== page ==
• basigin;
  • monocarboxylate transporter 1;
  • mouse;
  • gene knockout;
  • immunohistochemistry;
  • Western blotting;
  • real time polymerase chain reaction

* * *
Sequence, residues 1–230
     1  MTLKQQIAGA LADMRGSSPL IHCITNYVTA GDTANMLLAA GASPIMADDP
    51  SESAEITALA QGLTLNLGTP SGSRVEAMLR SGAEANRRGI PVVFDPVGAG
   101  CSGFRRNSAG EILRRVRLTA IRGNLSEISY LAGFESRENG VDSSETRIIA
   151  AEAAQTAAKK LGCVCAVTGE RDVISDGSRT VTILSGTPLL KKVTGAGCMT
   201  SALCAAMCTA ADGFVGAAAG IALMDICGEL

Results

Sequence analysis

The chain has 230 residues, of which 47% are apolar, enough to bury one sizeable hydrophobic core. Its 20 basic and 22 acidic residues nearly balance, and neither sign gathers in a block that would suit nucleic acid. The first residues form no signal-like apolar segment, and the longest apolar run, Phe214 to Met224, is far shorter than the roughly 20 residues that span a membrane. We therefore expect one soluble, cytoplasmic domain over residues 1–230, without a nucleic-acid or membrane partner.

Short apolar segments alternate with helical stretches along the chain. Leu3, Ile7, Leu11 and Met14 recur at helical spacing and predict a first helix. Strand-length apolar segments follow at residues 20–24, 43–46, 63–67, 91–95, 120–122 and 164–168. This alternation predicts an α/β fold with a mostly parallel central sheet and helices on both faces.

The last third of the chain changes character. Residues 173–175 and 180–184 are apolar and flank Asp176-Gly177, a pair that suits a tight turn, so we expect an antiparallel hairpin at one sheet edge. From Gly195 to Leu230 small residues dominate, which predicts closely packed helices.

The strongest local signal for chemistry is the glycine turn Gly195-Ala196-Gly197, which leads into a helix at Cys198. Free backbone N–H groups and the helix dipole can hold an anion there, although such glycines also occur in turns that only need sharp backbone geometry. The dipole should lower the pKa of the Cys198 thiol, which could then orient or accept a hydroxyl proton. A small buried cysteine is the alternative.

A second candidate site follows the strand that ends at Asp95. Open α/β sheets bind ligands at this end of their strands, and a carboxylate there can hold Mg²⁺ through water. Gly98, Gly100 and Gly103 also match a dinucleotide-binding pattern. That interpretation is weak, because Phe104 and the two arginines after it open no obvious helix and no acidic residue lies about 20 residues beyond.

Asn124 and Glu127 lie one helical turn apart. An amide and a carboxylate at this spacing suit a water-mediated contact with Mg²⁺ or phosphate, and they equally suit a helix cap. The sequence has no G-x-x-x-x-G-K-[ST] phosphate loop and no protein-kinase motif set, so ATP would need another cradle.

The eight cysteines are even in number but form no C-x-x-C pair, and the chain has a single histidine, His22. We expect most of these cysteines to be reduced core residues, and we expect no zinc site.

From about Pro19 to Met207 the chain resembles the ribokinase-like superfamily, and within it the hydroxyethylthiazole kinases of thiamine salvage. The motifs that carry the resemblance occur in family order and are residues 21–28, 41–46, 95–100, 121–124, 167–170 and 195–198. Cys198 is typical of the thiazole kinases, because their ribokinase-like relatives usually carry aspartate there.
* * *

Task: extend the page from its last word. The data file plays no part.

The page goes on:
Basigin (Bsg) is a transmembrane protein that is responsible for targeting of monocarboxylate transporters (MCTs) to the cell membrane. The present study was conducted to determine whether or not Bsg was required for the proper localization of MCT isoform 1 (MCT1) in a wide range of tissues in adult male mice. The tissue distributions of Bsg and MCT1 in wild-type (WT) mice, the tissue distribution of MCT1 in Bsg gene knockout (Bsg-KO) mice, and the protein and mRNA levels of MCT1 in both genotypes were studied. Immunohistochemistry demonstrated that Bsg colocalized with MCT1 in the cerebrum, retina, skeletal and cardiac muscle, duodenal epithelium, hepatic sinusoid, proximal uriniferous tubules, Leydig cells, and efferent ductule epithelium in WT mice. Bsg was absent but MCT1 was present in Sertoli cells, cauda epididymis, myoepithelial cells and duct of the mandibular gland, surface epithelium of the stomach and bronchioles. In Bsg-KO mice, with the exception of Leydig cells, MCT1 immunostaining was greatly reduced in intensity and its distribution was altered in tissues that expressed both Bsg and MCT1 in WT mice. Levels of the protein and mRNA for MCT1 in these tissues did not change significantly in Bsg-KO mice. On the other hand, immunostaining patterns in cells in which Bsg was absent but MCT1 was present in WT mice remained unchanged in Bsg-KO mice. These observations suggest that Bsg is required for the proper localization of MCT1 in a wide range of cells but not in every cell type. Anat Rec Part A, 2006. © 2006 Wiley-Liss, Inc.